10:15pm

Tue June 28, 2011
NPR Story

Militants Strike Iconic Kabul Hotel

Transcript

ROBERT SIEGEL, host:

From NPR News, this is ALL THINGS CONSIDERED. I'm Robert Siegel.

MELISSA BLOCK, host:

And I'm Melissa Block.

In Afghanistan's capital Kabul tonight, a group of suicide bombers armed with heavy weapons attacked the Inter-Continental Hotel which is popular with foreigners and Afghan VIPs. Loud explosions and gunfire could be heard across the city as the battle raged for hours.

(Soundbite of gunfire)

NATO helicopters were called in to respond to the siege.

NPR's Quil Lawrence is in Kabul. He joins me now.

And, Quil, what more have you been able to learn about this brazen attack on the Inter-Continental Hotel?

QUIL LAWRENCE: Well, as dawn was breaking across Kabul, the attack seems to be over. We're still not clear exactly how many bombers, how many gunmen raided the Inter-Continental Hotel or how many people they might have killed inside.

The gun fighting started just before 11 p.m. local time, and there was one loud explosion beginning and some of the gunfire like what you just played. Around 3 o'clock, so some four hours later, we heard two very loud explosions which could have been suicide vests or other sort of bombs.

NATO helicopters were only called in around then. Kabul is officially under Afghan security, so they have to call in NATO, these U.S. helicopters to help. And according to NATO spokesman, they killed several people on the roof of the hotel essentially ending the battle.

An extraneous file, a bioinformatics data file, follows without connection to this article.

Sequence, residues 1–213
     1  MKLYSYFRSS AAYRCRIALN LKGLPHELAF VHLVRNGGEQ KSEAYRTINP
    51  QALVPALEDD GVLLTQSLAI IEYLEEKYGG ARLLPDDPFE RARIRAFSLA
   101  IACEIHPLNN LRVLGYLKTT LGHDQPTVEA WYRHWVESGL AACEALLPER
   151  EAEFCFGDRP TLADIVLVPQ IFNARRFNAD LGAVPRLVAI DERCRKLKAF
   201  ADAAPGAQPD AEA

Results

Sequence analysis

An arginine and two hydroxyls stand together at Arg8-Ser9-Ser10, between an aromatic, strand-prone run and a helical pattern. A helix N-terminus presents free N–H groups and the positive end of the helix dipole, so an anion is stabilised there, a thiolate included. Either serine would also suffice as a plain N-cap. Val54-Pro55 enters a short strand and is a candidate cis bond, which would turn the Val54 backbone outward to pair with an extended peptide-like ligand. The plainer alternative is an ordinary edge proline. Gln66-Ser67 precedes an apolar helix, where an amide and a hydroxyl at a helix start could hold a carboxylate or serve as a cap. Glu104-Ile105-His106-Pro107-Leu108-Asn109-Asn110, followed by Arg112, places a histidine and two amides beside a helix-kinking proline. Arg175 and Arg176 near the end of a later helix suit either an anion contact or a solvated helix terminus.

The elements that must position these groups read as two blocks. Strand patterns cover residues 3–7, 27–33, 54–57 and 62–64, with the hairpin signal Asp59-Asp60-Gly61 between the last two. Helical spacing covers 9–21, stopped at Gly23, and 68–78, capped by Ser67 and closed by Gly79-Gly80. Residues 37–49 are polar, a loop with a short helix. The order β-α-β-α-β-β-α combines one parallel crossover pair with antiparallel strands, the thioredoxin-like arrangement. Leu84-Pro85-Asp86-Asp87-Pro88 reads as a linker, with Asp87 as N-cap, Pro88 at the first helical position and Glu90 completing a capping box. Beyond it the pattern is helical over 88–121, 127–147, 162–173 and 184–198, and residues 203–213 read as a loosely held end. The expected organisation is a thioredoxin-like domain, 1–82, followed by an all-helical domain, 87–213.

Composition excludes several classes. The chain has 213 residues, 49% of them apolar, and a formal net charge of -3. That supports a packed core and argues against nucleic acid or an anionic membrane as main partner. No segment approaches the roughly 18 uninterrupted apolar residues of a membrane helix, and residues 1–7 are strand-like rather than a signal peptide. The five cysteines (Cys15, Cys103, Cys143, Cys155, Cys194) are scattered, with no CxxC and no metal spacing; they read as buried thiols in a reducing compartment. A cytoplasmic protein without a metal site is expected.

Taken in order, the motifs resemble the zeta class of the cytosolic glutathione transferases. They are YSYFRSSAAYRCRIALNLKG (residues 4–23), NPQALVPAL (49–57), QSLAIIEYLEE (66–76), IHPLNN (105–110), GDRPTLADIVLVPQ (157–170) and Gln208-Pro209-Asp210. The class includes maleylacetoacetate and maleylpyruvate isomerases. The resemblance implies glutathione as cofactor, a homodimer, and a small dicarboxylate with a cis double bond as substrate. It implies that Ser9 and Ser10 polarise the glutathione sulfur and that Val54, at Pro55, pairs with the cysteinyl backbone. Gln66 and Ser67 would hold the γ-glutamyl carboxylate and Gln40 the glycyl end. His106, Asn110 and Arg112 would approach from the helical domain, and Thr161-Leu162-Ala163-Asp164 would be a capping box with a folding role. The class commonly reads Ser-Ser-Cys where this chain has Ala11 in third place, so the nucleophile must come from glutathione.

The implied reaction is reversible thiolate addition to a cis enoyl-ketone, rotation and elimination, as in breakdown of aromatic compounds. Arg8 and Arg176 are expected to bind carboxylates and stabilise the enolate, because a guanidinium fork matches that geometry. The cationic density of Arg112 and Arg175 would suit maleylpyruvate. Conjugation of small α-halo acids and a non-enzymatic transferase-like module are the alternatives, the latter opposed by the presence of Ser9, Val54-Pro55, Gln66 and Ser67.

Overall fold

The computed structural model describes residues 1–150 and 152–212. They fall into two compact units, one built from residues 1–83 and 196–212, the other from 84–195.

BLOCK: And, Quil, very quickly, the Taliban did take responsibility for these attacks.

LAWRENCE: Early on, the Taliban called in that this was their attack. When they call so soon afterward an attack begins, it's usually a sign that it's a credible claim. But they also claimed a very high number of casualties. And at this moment, we really don't know how many people might have been killed or wounded inside the hotel. Their claims are often quite exaggerated.

BLOCK: And, Quil, tell us more about the Inter-Continental itself. Is it in the center of Kabul and what sort of security would these attackers have had to breach to get there.

LAWRENCE: The Inter-Con is sort of iconic in Kabul because it's lasted throughout decades of war, including the civil war that really raised many neighborhoods in Kabul right down to the ground. It used to be about the only place that foreigners would stay in Kabul. It's on a hilltop on the western edge of the city. And in order to get up to the hotel, anyone needs to pass several checkpoints on a - the half-mile long approach road. So these attackers either had to fight their way through those checkpoints or perhaps they breached the security from a different direction.

It's not clear yet whether they killed foreigners or perhaps Afghan VIPs who very often stay in the hotel.

BLOCK: How unusual is it, Quil, to have an attack like this, a Taliban attack right there in Kabul?

LAWRENCE: Well, Kabul security had been good earlier in the year. But we've now seen several high-profile attacks right in the middle of the city, sort of proving that the Taliban can infiltrate, sometimes wearing Afghan army uniforms and getting right into the center of the city attacking police stations and training centers.

Earlier this month, at least nine Afghan police were killed in a raid like that. And it really puts the question whether Kabul is ready for transition, whether the other six areas around the country are ready to - for a transition to Afghan control sometime next month.

BLOCK: OK. NPR's Quil Lawrence talking about the attack tonight on the Inter-Continental Hotel in Kabul, that attack by suicide bombers.

Quil, thank you very much.

LAWRENCE: Thank you, Melissa. Transcript provided by NPR, Copyright National Public Radio.

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